Manchester By The Sea is an incredibly unsympathetic and haunting film. So much so that it actually makes you feel cold inside through its use of setting, tone, score and shot composition. Kenneth Lonergan creates this blurred, yet crystal clear world where what isn’t said matters so much more than what is. This is only enhanced by a flawless performance by Casey Affleck to create one of the most emotionally draining films of the year.
Lee Chandler (Casey Affleck) is a quiet and reserved janitor in Boston when he suddenly receives a phone call about his brothers sudden passing. From here he is whisked away into responsibilities that he isn’t capable of dealing with. Lee is cold, unresponsive and generally distant from others, yet we learn throughout the film of his tortured past which leads him to become this shell of a man. Within his brother’s will, Lee is left to be the legal guardian of his only son, Patrick. The story follows the life of them both as they struggle to communicate and make the arrangement for the father’s funeral.
Casey Affleck gives the performance of his career, channelling all the loathing and self-hatred Lee feels into a distant yet striking presence. I expected at some point for Lee to break, to tip over the edge, yet he doesn’t (Apart from punching random me in bars). He remains quiet, calm and barely speaks above a whisper as he presents this broken man plodding through life with no real purpose. This directly contrasts with flashback sequences that show an outgoing and free spirited Lee and it’s the dark secret that lurks between these two bookmarks that leads to the movies most haunting scene.
As mentioned earlier, the film is incredibly cold. The setting of Boston in winter combined with beautiful shots the pier leave a breeze flowing through every scene. Dialogue is sparse and important conversations are filmed far away with muffled, yet slightly audible sound, making the audience as distant as Lee is to his surroundings. This makes character scenes blurred and empty, which directly contrasts and compliments the landscape shots of the sea, which are crystal clear, yet still empty. The past Lee shares with Manchester-by-the-Sea constantly weighs on his mind, overshadowing the present.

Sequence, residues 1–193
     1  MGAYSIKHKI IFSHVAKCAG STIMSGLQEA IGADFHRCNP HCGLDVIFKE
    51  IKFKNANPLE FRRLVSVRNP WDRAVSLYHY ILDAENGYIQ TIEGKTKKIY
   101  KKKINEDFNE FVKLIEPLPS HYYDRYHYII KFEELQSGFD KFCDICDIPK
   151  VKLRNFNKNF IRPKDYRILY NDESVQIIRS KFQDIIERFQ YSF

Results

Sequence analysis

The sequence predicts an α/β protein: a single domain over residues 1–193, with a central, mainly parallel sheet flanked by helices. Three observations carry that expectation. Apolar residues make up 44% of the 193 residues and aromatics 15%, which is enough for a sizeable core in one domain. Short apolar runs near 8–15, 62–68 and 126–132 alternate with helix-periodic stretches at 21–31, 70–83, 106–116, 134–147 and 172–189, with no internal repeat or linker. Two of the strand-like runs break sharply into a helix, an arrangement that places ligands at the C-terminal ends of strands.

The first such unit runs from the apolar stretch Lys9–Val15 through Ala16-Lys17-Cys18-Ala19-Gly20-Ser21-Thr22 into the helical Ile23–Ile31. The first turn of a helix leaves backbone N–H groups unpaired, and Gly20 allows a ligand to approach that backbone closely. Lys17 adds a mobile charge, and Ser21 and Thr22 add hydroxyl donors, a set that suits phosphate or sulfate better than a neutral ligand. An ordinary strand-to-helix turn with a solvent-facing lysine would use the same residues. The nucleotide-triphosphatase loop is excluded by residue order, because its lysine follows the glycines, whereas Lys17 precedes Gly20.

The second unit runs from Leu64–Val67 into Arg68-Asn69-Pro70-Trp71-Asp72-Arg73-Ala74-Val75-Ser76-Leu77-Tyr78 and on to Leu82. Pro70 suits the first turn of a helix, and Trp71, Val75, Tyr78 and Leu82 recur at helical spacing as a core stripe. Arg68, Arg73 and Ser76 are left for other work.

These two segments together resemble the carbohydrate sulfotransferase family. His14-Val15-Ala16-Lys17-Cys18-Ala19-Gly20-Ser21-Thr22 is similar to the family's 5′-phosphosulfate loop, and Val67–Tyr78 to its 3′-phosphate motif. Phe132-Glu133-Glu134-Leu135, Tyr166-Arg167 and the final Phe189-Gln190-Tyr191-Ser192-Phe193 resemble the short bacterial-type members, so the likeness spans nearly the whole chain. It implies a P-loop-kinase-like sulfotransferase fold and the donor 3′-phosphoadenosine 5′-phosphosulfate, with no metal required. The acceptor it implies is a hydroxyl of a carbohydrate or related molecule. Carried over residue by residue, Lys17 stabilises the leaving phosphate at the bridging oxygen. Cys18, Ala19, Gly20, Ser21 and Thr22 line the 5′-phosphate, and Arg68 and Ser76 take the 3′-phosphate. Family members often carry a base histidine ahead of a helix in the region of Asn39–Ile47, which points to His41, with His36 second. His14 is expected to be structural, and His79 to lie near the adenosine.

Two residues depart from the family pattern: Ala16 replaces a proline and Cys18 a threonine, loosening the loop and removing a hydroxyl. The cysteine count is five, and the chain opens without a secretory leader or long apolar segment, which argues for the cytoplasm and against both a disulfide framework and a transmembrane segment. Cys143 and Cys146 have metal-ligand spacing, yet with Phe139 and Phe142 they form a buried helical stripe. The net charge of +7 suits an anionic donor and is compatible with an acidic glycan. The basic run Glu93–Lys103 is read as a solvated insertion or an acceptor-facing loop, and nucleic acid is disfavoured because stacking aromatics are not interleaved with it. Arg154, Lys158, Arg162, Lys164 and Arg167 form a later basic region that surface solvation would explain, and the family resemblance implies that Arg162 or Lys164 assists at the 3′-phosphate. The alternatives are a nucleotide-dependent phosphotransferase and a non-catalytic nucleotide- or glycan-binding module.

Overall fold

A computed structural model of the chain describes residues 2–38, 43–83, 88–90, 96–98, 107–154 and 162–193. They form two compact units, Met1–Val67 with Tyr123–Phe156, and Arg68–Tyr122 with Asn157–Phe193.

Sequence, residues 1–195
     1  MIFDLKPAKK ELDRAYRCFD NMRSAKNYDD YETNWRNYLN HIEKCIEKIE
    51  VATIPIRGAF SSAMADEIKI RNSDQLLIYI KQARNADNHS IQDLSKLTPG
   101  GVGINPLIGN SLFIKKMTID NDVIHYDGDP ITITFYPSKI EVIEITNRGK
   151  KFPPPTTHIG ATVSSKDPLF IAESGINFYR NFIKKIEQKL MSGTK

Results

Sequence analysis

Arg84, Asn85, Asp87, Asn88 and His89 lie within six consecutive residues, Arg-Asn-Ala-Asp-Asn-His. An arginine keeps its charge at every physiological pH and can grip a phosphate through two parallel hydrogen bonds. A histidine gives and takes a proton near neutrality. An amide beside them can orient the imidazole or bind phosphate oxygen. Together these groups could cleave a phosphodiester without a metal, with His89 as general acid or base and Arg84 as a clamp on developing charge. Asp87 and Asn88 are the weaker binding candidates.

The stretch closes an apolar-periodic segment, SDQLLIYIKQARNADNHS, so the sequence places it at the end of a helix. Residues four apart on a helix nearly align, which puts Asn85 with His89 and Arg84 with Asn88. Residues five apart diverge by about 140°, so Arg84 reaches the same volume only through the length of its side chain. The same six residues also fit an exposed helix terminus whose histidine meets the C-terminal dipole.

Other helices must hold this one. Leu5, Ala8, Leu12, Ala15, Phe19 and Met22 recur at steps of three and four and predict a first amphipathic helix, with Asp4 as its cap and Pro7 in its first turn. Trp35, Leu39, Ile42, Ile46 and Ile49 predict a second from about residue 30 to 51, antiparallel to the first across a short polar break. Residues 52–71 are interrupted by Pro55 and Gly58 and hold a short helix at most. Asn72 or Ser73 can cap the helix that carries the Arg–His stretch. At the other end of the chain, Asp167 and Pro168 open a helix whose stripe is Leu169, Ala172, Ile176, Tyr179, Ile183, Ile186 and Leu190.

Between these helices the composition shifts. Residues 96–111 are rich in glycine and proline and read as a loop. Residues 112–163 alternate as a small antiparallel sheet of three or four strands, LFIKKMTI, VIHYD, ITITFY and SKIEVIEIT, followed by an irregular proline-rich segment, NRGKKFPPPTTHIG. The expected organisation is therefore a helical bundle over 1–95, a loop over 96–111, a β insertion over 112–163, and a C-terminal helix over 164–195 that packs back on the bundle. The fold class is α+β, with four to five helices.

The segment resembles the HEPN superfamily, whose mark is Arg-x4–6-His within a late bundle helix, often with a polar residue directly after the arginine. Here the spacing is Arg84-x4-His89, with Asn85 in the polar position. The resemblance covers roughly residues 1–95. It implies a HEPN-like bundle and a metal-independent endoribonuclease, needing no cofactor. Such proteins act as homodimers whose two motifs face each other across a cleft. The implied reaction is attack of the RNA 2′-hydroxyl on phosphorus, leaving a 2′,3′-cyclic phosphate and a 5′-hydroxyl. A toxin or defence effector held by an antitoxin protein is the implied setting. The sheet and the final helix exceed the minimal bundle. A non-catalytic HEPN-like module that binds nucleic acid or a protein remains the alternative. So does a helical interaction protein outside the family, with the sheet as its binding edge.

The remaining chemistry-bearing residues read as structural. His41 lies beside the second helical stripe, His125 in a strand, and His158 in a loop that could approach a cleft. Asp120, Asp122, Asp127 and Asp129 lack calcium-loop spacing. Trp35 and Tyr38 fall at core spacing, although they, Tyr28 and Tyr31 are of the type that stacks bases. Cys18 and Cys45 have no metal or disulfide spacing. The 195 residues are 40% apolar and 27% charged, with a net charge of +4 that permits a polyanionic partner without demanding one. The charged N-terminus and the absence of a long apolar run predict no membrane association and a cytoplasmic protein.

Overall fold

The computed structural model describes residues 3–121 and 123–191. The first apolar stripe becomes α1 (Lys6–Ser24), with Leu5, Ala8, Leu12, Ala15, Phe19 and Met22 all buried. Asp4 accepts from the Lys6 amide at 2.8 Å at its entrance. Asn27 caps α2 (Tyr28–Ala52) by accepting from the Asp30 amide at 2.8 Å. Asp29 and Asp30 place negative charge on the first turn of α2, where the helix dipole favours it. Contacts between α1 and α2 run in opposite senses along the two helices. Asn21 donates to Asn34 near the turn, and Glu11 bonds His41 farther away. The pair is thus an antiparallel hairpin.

The score goes from nothing at all to booming operatic and orchestral music, elevating the emotional beats and making the film feel like an epic Greek tragedy. It is here where the film really shines, the music drowns out any dialogue and makes the audience focus on what isn’t being said which, throughout the film, is so much more heartfelt, powerful and meaningful than what is.
There are characters, such as Lee’s ex-wife (Michelle Willaims), that were portrayed so wonderfully, that I wished there were more scenes with her in, the help flesh out the road to isolationism that Lee ends up taking.
Manchester By The Sea is an incredibly powerful film that explores isolationism and its causes with such nuanced performances by the likes of Casey Affleck that it left me hollow upon its conclusion. There aren’t many words to describe how it made me feel other than, what I’ve said over and over, cold. Very cold.